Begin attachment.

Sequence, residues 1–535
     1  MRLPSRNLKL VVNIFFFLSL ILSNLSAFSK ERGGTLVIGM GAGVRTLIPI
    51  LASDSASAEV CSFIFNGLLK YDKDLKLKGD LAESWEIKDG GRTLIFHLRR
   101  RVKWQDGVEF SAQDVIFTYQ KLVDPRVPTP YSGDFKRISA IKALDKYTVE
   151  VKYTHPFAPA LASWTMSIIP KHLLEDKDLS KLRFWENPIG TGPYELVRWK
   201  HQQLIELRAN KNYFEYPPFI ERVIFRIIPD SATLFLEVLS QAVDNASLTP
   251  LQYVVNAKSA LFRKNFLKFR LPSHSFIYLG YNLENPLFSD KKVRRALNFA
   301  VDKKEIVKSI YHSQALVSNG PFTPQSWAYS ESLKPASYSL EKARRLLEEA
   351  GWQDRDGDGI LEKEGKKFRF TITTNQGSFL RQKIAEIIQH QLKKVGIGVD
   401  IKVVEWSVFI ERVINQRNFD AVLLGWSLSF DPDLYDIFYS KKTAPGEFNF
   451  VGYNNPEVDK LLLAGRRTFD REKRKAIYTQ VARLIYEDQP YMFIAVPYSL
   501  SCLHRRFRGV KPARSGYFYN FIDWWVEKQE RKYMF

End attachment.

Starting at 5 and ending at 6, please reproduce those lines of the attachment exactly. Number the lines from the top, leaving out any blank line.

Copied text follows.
   151  VKYTHPFAPA LASWTMSIIP KHLLEDKDLS KLRFWENPIG TGPYELVRWK
   201  HQQLIELRAN KNYFEYPPFI ERVIFRIIPD SATLFLEVLS QAVDNASLTP